Last week, we wondered whether Sen. Richard Lugar (R-Ind.) could pull off a race as an independent, assuming he loses a Republican primary (Hint: The law says he can't). But what about Sen. Olympia Snowe (R-Maine)?
To be clear, like Lugar, Snowe is committing herself fully toward winning the Republican primary. "She's been a lifelong Republican and she is running as a Republican," Snowe chief of staff John Richter told Hotline On Call. That's a good thing for her career -- the law isn't terribly friendly to independent contenders in Maine.
If Snowe wishes to run as an independent, she must file a withdrawal from the Republican Party by March 1, 2012 -- more than 3 months before the June 10 primary. If she did withdraw, she would need between 4,000 and 6,000 petitions from registered voters by June 1 to get on the ballot as an independent candidate.
Snowe will need 2,000 petitions by March 15 to gain access to the Republican primary ballot.
Maine is known for its independent streak. In recent years, unaffiliated state legislators have made up enough of the House and Senate to throw control to whichever major party they so choose, and two of the last six governors have not been affiliated with one party or another.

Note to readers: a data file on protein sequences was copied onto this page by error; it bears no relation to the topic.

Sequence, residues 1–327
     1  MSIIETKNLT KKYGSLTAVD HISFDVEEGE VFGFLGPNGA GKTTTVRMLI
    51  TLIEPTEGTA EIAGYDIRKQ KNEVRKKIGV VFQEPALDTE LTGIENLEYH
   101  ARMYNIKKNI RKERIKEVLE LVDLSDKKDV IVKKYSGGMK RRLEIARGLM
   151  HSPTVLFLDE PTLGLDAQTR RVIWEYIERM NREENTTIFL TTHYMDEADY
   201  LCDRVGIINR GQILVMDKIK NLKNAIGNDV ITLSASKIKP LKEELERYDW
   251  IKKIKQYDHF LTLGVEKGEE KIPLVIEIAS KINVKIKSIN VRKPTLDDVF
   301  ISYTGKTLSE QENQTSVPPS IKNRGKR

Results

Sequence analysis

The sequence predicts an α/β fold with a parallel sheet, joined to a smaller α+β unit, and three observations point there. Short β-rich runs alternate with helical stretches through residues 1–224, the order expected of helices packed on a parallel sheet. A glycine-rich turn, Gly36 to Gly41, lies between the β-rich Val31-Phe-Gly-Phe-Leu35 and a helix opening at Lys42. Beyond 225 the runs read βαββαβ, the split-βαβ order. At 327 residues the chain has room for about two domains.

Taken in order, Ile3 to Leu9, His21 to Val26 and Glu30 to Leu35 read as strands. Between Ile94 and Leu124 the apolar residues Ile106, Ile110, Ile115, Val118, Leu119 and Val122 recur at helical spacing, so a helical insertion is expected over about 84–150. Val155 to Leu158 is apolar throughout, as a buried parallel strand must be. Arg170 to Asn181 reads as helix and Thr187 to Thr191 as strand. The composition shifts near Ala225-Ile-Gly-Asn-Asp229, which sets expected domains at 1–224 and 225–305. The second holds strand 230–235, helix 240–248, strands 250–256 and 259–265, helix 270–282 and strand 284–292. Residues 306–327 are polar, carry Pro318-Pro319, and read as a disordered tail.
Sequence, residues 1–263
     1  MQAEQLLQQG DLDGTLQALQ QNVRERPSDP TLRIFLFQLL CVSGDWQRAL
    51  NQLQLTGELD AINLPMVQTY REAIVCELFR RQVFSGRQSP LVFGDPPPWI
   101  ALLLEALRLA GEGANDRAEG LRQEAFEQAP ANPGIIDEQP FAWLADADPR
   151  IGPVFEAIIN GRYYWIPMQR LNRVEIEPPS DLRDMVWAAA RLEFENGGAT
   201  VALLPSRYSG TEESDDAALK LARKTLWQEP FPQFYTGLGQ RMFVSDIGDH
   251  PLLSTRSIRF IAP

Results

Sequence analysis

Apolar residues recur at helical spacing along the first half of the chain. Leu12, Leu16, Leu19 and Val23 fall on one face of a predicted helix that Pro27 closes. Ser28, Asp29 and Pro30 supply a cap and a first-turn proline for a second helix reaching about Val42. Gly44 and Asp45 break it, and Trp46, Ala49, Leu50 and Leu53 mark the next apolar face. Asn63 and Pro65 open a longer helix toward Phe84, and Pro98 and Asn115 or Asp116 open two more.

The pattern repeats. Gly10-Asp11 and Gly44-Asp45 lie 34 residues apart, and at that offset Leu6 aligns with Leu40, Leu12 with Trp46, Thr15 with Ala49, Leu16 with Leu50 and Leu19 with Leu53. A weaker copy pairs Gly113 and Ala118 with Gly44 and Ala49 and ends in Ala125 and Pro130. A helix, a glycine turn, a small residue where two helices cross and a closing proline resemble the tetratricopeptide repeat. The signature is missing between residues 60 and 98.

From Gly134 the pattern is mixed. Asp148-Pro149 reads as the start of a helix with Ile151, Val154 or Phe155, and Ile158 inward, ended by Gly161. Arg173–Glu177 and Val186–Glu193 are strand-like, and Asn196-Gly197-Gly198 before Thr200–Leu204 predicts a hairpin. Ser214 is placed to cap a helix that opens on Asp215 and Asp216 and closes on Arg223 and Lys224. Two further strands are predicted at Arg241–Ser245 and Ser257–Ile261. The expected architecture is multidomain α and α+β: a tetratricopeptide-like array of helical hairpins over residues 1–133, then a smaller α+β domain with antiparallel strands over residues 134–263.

That's good for Snowe, a moderate, when it comes to the general election. But first she has to get through a Republican primary. Snowe has made a serious effort to reach out to conservative activists and tea party officials, meeting with them [subscriber] in small group settings in order to build relationships.
She'll need to do so in advance of next year's primary. The Maine Republican faces a situation similar to Lugar's, in all but one important facet: Lugar will face state Treasurer Richard Mourdock in his GOP primary. Snowe, so far, faces only two gadfly contenders.